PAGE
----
Gibbs’ bill (SB 108), with the catchy acronym FASTER (Funding Advancement for Surface Transportation and Economic Recovery), would raise registration fees by $41 a year for a vehicle weighing between 2,000 pounds and 5,000 pounds, which would affect more than 4 million cars and trucks in Colorado.
That would generate more than $250 million a year to fix the Colorado’s crumbling roads and bridges, but state officials say around $500 million a year is needed just to repair and maintain the current system.
Because of the Taxpayer’s Bill of Rights (TABOR), the state Legislature is only able to address the shortfall through fee increases. Any efforts to increase gas, sales or income taxes to find a permanent funding source have to go to a public vote — an unlikely scenario in the current economic climate.
Gibbs portrayed FASTER as a small first step until there’s more of an appetite for a transportation tax-increase ballot question. And he added that federal stimulus dollars aren’t the long-term solution either.
“The latest numbers I’ve heard so far reflect that Colorado could bring in about $522 million for transportation [from the stimulus bill], which would be great, but it’s just like winning the lottery. It’s one-time money and it’s not sustainable in any way,” Gibbs said.
“That’s why I’m working on this FASTER bill, because that’s actually sustainable, it’s responsible and it’s not mortgaging our kids’ future more or less.”
Republicans have hammered on FASTER because they say it’s a fee increase during a bad economy, an end-around TABOR and unpalatable because it keeps tolling on existing roads on the table as another possible funding source.
Not a single Republican in the Senate voted for the bill when it passed 19-16 last week, and another brutal partisan battle is expected in the House. Rep. Christine Scanlan (D-Silverthorne), who joined Gibbs for a town hall meeting in Vail over the weekend, joked that tolling was put back into the bill — after initially being taken out during Senate debate last week — so the House would have something to take out again.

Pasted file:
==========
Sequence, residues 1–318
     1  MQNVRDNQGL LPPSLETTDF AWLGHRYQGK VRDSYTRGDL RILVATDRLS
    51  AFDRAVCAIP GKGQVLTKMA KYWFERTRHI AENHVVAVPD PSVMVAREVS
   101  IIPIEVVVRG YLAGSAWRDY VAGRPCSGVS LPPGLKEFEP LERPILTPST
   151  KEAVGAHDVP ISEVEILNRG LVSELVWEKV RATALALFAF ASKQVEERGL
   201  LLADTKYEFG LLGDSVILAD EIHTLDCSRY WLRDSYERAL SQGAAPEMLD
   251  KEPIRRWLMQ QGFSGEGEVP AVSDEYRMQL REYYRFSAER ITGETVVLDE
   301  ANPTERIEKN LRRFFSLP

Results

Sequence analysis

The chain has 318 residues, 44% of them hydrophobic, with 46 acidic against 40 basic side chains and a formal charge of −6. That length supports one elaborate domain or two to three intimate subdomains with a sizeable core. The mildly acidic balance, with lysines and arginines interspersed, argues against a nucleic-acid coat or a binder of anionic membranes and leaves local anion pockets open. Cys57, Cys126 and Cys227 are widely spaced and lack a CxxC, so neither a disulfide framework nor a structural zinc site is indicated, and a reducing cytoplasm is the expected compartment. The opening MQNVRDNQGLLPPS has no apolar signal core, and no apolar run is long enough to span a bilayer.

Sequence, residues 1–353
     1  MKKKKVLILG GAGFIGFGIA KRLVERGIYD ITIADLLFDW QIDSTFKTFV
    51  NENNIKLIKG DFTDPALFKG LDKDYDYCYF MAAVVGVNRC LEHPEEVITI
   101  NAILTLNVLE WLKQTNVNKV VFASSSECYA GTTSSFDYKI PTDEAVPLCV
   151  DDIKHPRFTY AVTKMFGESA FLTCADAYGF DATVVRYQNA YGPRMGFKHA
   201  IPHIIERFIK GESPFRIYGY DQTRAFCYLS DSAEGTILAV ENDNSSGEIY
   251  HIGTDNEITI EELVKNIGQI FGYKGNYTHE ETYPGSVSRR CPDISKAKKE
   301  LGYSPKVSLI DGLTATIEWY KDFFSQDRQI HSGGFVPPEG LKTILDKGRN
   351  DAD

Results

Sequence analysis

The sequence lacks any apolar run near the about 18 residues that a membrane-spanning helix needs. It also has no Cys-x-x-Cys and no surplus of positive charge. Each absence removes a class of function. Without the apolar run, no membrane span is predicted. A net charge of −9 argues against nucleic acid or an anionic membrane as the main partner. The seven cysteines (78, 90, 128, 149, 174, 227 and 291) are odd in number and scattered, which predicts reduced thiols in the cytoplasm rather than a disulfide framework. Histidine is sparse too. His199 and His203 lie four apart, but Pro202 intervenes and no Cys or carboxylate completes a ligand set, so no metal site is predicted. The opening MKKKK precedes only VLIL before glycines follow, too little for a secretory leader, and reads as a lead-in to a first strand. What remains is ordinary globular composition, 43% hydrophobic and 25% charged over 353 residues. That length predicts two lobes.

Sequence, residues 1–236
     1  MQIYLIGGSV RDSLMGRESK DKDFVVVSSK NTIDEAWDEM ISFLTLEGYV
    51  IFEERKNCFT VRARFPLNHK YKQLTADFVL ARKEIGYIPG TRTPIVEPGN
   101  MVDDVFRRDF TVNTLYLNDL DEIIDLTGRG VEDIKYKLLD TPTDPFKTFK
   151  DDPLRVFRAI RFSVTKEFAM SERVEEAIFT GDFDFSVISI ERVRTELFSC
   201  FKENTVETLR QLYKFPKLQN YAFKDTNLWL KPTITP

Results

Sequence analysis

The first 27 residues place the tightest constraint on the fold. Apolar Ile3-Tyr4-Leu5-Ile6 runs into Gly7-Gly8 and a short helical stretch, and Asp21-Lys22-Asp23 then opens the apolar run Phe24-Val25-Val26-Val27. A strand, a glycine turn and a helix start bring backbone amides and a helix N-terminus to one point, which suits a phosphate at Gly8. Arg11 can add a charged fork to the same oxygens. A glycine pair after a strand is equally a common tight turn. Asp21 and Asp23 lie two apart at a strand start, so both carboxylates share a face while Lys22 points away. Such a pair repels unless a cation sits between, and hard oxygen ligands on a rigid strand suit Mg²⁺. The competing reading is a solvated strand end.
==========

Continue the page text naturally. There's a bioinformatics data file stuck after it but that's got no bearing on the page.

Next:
Gibbs, who along with Scanlan fought two bills last year that would have imposed tolls on Interstate 70, said the difference with FASTER is that tolling would be left up to local governments.
“This allows local communities to decide what they want to do in their area, and there has to be local consensus within an area that would be impacted,” Gibbs said. “If Vail wanted to toll an area within their region and [the nearby town of] Avon didn’t, there would never be tolling. It puts together a cooperative type of agreement.”
According to Gibbs, the state gas tax, which is 22 cents a gallon and hasn’t increased since 1991, simply does not keep pace with the demands of increased traffic and heavier vehicles. Scanlan added a transportation tax increase of some sort on the ballot is inevitable, but she doubts it will happen this year.
“There’s more talk in the House about doing [a ballot question],” Scanlan said. “It’s just that it’s a tough climate to do that in and there’s no money to fund the campaign that it would take to do it. Eventually that has to happen. We will have to go to the people and make the argument around what those dollars are needed for.”
Scanlan added the gas tax (the federal tax of 18.4 cents a gallon has not gone up since 1992) is clearly an outmoded method of funding road repairs and maintenance.
“As cars are getting more and more fuel efficient, you get more and more hybrids on the road, you get electric cars coming onto the road, the impact to the road remains the same — those vehicles are still taking a toll on the road — but the gas tax that supports the maintenance and upkeep is having less and less of an impact,” Scanlan said.
Gibbs expects his bill to change even more in the House, where Republicans continue to put forth other funding alternatives, but he said it’s imperative the Legislature take action on roads immediately because of the deteriorating condition of roads and bridges and the potential for FASTER to create 10,000 jobs.
“The bill will dramatically change when it heads over to the House, so the numbers will change, but I’m really hoping to get this through,” Gibbs said.